It’s time for a feel-good, self-discovery movie. This time, however, our Hollywood friends have decided that the female lead usually given to Sandra Bullock, Renée Zellweger or Meg Ryan will go to Jennifer Garner. I guess they figured they needed a fresh face to attach to this comedy/romance; just like adding an air freshener to a shit-soaked toilet. Yeah, it may look/smell slightly better but it is still a shit-soaked toilet that’s been used one too many times.
So what do we get with Catch and Release besides a girl who got knocked up by that worthless prick Ben Affleck? Not much, I’m afraid. We’ve got Garner, playing Gray Wheeler, a girl whose fiancé dies, and while discovering that he was a cheating scumbag, realizes she too has a bit of whore in her and starts to hook up with one of his best friends. Great plot, eh?
Of course there are small diversions to the story, like how the friends (Kevin Smith, Sam Jaeger, and Timothy Olyphant) all react differently to the death of their best buddy. Or how good people are, when, even in sorrow, they find it in their hearts to help a single mom (Juliette Lewis). And there are a few other moments, but truthfully, I fucking forgot what they were – that’s how much it meant to me.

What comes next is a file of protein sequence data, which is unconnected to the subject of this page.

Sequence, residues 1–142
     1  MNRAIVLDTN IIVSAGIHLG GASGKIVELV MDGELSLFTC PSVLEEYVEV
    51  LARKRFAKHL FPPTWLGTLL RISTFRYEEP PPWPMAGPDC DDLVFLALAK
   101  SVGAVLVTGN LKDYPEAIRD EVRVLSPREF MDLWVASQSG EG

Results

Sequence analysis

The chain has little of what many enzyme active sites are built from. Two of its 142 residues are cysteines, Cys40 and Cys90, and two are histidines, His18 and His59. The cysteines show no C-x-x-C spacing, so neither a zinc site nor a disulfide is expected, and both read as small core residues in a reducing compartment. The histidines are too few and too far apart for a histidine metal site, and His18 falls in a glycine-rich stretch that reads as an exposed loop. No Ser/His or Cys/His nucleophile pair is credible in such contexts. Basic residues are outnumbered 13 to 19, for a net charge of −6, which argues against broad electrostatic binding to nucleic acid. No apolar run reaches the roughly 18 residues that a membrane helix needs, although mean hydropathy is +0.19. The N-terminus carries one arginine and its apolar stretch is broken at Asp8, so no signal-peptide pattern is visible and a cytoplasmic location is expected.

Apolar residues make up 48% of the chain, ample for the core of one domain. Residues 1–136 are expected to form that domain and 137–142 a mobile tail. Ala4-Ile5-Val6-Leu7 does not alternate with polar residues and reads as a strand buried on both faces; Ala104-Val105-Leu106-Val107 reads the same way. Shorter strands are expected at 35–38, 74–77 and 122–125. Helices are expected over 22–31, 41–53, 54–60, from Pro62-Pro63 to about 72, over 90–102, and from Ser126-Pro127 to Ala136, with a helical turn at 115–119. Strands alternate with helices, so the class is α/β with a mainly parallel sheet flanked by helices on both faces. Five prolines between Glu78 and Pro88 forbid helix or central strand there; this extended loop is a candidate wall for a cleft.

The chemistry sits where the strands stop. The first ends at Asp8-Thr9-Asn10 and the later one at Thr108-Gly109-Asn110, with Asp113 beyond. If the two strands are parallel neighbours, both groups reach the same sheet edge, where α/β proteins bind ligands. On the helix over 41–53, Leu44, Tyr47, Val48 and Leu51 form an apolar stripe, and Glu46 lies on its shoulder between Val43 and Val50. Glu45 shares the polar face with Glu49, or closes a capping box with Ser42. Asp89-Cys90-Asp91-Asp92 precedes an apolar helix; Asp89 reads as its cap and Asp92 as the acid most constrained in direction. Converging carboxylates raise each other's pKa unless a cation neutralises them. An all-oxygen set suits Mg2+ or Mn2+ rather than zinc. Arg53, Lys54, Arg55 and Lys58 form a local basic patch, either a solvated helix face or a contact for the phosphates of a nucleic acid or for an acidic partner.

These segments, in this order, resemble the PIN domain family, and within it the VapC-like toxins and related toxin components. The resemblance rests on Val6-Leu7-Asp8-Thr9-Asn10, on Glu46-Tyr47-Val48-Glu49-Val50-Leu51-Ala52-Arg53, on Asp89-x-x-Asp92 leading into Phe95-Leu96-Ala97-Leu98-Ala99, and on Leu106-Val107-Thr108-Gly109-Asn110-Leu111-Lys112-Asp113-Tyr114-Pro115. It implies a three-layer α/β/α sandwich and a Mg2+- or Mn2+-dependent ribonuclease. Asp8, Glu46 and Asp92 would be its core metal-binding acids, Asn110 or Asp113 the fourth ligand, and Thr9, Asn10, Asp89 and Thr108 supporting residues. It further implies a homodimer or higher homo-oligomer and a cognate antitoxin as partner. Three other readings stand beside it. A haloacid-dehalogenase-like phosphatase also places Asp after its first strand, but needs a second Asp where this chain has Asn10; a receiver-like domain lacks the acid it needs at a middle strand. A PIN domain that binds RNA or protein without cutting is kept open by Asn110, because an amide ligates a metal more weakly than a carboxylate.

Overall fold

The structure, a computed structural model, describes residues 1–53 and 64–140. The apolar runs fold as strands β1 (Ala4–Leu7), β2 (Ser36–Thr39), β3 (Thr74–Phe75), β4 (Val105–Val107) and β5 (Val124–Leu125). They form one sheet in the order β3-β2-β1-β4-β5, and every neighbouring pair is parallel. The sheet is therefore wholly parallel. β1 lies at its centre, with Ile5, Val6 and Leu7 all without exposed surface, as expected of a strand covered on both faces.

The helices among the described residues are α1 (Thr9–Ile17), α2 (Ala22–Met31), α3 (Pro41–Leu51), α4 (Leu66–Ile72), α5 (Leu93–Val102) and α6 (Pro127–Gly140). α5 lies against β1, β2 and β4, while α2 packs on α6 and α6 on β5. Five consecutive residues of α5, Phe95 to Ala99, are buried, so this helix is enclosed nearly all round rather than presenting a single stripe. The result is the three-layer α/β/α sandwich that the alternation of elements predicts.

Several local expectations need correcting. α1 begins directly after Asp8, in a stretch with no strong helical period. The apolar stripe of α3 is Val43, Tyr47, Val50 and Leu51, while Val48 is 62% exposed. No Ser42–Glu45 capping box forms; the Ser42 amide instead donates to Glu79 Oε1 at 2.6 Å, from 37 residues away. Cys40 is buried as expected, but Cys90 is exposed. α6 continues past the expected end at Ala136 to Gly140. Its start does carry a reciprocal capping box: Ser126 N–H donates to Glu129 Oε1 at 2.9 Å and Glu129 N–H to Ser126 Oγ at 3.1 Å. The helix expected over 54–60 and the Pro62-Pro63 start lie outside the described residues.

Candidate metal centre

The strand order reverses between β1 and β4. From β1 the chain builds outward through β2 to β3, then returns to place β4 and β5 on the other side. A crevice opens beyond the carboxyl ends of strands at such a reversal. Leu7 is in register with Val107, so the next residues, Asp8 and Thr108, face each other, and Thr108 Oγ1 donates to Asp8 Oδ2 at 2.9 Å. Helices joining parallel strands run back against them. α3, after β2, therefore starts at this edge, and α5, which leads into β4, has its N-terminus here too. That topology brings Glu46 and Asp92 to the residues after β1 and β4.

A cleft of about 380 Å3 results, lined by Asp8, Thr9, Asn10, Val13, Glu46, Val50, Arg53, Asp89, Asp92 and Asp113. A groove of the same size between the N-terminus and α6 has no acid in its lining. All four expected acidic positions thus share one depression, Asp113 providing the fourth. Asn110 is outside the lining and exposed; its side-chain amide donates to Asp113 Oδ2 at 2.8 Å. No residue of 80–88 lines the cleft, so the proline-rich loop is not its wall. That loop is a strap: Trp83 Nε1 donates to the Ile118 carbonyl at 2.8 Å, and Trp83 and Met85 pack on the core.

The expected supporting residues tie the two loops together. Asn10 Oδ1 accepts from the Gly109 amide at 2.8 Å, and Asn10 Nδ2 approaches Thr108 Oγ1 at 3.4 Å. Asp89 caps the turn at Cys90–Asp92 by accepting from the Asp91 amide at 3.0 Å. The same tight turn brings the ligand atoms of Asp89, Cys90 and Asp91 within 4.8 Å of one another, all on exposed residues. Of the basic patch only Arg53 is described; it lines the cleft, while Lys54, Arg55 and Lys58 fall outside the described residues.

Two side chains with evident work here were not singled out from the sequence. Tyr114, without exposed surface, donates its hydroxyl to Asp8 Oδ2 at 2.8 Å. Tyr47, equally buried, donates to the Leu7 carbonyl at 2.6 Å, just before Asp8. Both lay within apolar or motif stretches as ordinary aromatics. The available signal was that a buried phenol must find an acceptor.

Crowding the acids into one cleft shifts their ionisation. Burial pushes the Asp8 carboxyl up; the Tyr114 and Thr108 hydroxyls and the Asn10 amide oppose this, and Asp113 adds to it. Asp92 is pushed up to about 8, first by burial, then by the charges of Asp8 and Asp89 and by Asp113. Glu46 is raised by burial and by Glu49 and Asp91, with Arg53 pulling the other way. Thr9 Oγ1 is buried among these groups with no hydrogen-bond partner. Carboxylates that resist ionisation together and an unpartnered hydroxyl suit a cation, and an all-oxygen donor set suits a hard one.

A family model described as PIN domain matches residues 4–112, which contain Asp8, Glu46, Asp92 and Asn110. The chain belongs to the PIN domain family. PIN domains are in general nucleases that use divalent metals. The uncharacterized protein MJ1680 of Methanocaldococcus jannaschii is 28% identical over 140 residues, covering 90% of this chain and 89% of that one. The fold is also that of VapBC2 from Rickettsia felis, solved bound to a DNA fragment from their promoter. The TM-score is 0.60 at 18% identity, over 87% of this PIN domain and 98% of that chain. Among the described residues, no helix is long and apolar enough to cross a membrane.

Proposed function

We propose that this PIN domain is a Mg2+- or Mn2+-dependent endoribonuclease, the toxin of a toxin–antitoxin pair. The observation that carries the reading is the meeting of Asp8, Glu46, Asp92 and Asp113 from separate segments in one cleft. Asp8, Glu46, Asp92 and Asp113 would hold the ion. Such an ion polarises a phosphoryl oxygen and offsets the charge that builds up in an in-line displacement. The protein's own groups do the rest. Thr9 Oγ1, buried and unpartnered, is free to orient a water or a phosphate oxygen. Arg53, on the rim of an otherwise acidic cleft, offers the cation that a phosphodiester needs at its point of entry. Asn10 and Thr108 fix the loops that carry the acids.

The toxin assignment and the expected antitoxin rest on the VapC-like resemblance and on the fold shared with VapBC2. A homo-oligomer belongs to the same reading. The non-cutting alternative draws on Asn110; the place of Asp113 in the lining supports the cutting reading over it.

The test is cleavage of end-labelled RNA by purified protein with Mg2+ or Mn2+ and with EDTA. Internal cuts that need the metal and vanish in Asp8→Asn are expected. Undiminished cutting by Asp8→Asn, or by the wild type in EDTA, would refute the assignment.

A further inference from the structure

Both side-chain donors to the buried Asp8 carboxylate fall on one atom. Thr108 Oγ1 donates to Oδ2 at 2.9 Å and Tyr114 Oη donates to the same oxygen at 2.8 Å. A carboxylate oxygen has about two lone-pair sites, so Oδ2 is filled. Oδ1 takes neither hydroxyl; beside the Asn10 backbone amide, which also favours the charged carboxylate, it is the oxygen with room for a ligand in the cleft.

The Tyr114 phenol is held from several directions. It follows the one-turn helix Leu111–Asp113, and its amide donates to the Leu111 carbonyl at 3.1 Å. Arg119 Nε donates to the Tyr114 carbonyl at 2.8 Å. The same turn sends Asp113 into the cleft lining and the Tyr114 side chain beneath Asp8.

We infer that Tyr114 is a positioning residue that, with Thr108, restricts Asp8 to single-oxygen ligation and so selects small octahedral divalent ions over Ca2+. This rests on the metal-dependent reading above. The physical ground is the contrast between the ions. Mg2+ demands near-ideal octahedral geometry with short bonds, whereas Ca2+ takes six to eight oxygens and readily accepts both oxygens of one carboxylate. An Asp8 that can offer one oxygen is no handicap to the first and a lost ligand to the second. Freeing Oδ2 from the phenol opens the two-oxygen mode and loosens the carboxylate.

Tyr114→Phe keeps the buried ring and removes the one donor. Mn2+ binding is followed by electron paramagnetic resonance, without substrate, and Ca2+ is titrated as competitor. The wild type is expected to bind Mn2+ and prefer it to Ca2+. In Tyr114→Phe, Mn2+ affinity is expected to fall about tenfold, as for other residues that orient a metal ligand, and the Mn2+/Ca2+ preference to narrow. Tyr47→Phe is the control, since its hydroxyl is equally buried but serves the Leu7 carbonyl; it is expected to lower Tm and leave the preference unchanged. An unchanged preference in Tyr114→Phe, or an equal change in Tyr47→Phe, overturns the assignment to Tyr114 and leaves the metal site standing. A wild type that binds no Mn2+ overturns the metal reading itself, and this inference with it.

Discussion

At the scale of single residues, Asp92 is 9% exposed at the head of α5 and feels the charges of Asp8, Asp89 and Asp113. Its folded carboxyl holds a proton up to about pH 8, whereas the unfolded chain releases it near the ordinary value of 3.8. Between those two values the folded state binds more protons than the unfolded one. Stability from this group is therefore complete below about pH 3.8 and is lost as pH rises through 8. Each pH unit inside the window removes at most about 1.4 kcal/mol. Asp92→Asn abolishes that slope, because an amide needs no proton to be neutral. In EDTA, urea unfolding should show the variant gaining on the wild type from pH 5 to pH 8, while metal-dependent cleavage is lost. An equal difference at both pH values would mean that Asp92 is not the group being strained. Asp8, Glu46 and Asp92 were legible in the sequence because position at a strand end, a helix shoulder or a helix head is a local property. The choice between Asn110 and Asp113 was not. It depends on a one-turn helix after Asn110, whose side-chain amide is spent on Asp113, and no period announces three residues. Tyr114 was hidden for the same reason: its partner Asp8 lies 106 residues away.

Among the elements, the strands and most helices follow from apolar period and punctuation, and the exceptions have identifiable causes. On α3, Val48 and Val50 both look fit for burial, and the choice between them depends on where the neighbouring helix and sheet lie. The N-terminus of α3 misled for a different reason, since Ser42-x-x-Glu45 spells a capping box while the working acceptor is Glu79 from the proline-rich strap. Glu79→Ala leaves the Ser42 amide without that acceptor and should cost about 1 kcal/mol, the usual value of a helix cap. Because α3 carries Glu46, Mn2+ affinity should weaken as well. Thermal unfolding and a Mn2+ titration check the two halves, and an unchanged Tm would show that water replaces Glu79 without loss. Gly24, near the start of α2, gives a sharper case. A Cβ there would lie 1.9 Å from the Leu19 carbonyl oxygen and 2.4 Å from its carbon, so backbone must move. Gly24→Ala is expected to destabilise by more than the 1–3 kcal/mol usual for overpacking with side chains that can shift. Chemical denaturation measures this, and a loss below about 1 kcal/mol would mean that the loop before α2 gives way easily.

There is no doubt the review of this movie could have been better (if only slightly), had I not already decided I don’t like Jennifer Garner. She can’t act her way out of a wet paper bag. Her whole aura and charm is supposed to come from her pouty lips and dimples. That only gets you so far in my book and it lasted for approximately ten minutes for me. As for her love interest, Fritz (Timothy Olyphant), I found him annoying and weaselly. Instead of being happy for Garner’s character, I was aggravated that she falls in love with him. Grief is a motherfucker and I hope to hell my wife doesn’t grieve like this. No woman should.
But all is not lost! As hoped, the best scenes and dialogue went to the deserving Kevin Smith. For those that don’t know, Mr. Smith has directed some classic films like Clerks and Dogma. The characters in those movies were always quick-witted and odd, so it was fitting to see him repaid in kind. Another nice touch was to see the always sexy/skanky Juliette Lewis prancing around. I hadn’t seen her on the screen in a while so seeing her play the dim-witted, rednecky “massage therapist” brought back old memories of her heydey, namely, Kalifornia.
Unfortunately, the good showing from Smith and Lewis can’t really elevate Catch and Release very high. Mostly, the movie plods along at a slow pace and you find yourself looking at the watch instead of the screen. This movie really isn’t worth the price of admission.Powered by Sidelines